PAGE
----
Blue Light Basics
You know that blue light emanates from both the sun outdoors and digital devices indoors. The problem, however, is that most patients still don’t understand the dangers of too much exposure. Here are 10 facts you can share with patients on this all-important subject.
Tip: “Patients need protection from blue light indoors and out, so you need to both educate them and prescribe the best solutions.”
- SPECTRUM. The human eye is sensitive to only one part of the electromagnetic spectrum—visible light.
- VISIBLE LIGHT. This is the part of the spectrum that is perceived as colors—blue, violet, yellow, green, orange, and red.
- WAVELENGTH. Because the blue end of the light spectrum (also known as high energy visible light) has a shorter wavelength, it produces more energy than other colors, resulting in potential long-term damage to the eyes.
- FLICKER. Blue light wavelengths aren’t just short. They’re also high energy. The result is that HEV wavelengths flicker more than other wavelengths. That means increased glare and, therefore, potential reduction in visual contrast and clarity.
- GLARE. Patients won’t perceive their problem as glare, but, when prompted, may admit to eyestrain, fatigue, and headaches.
- BENEFITS. On the plus side, blue light regulates circadium rhythm, meaning the human body uses blue light from sun to regulate sleep and wake cycles. It also elevates alertness, mood, and cognitive capabilities.
- USAGE. Here are some stats to share with patients.
- LEISURE. 60% of consumers spend more than six hours a day on a digital device. And, just two back-to-back hours on a device can cause fatigue or eyestrain.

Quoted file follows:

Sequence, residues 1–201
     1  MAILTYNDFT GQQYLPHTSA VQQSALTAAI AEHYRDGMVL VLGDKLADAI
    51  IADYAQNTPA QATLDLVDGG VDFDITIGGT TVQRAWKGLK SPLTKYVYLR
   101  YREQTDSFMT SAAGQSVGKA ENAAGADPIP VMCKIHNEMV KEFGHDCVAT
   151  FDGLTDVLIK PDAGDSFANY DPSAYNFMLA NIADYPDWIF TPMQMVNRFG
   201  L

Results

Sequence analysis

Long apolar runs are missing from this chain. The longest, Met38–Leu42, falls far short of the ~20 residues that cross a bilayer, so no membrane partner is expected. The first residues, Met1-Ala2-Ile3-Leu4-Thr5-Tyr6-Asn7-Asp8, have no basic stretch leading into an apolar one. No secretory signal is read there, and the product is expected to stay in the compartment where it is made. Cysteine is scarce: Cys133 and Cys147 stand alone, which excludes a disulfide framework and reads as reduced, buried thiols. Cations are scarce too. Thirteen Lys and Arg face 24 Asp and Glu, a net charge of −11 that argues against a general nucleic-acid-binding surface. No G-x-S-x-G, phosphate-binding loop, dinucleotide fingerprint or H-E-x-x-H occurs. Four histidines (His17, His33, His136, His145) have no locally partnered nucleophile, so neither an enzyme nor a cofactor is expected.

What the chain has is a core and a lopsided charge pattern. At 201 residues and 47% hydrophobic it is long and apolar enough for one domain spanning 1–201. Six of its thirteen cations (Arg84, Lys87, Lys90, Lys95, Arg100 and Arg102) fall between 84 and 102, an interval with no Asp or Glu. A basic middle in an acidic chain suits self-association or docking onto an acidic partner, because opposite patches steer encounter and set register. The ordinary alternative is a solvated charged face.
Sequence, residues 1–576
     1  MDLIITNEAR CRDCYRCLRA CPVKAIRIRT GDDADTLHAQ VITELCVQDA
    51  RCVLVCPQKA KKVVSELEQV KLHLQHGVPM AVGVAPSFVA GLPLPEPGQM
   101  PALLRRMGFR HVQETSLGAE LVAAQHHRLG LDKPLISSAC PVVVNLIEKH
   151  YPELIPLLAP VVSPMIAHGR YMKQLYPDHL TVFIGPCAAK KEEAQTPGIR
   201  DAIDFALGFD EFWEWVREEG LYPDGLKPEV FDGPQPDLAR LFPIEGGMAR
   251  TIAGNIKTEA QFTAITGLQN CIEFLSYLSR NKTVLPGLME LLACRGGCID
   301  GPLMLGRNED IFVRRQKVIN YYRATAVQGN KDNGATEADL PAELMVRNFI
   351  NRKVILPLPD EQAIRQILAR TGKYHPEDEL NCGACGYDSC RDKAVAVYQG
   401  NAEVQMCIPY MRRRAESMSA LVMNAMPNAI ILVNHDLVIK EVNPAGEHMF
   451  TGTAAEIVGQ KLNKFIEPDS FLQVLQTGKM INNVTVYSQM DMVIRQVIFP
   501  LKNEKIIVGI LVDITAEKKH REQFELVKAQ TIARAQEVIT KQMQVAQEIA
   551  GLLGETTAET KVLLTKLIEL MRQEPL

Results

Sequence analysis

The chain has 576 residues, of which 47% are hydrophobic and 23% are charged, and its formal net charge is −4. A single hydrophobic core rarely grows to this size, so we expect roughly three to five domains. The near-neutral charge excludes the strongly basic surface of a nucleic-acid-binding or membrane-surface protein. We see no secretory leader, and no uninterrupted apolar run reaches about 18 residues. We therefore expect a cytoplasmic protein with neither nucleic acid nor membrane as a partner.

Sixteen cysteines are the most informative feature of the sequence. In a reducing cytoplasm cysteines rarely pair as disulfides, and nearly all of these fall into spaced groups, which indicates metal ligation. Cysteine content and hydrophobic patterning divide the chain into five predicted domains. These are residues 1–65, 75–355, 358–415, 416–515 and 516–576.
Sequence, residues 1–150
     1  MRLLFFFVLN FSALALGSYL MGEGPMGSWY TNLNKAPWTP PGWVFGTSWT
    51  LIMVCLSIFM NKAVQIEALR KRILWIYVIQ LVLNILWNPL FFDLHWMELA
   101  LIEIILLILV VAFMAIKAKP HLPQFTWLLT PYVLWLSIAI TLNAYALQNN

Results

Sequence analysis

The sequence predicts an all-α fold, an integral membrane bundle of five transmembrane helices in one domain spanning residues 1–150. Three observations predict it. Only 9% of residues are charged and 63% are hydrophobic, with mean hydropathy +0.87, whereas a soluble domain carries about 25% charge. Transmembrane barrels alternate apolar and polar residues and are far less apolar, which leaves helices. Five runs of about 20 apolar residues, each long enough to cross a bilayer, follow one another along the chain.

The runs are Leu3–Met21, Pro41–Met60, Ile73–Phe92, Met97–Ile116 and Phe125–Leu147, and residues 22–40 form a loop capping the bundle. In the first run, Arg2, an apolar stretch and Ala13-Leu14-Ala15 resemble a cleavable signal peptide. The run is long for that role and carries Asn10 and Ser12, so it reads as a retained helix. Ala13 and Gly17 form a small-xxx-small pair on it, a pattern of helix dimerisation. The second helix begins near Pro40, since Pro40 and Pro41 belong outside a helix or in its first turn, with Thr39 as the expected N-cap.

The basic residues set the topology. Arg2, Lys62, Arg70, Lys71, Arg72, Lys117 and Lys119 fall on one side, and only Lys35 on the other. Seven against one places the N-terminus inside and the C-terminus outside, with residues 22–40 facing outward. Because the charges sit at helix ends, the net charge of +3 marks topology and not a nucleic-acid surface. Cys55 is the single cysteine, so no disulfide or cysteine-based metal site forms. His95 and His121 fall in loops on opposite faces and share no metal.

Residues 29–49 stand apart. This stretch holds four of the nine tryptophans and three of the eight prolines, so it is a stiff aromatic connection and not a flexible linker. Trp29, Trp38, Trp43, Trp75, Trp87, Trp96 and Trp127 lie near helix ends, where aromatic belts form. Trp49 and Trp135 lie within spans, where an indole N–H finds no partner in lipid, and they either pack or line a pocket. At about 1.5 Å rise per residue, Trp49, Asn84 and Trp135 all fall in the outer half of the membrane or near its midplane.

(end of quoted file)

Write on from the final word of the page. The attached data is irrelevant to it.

- WORK. More than four out of ten adults have jobs that require prolonged periods at a computer or tablet. Little wonder that 7 out of 10 of them experience eyestrain, though most take no steps to remedy it.
* TEENS. Nearly two out of ten teenagers watch at least four hours of TV a day. Close to 15% of them spend four+ hours a day at their computers…and that doesn’t even include smartphones.
- KIDS. The Kaiser Family Foundation reports that children spend more than seven hours a day in front of digital media/devices.
- YOUNGER EYES. The impact of all this exposure is particularly critical for young children because the crystalline lens and cornea are still forming.
- OLDER EYES. According to the American Macular Degeneration Foundation, “Blue rays…seem to accelerate age-related macular degeneration more than other rays in the spectrum.” That’s partly because as people age, they lose melanin, the body’s “sunscreen.” In fact, more than half of the body’s melanin is gone by age 65, leaving the body increasingly susceptible to eye diseases like AMD.
- BOTTOM LINE. Patients need protection from blue light indoors and out, so you need to both educate them and prescribe the best solutions. Sun lenses, while helpful outside during the day, address only part of the situation. Your patients also need protection indoors, at work and school, and for leisure activities as well.
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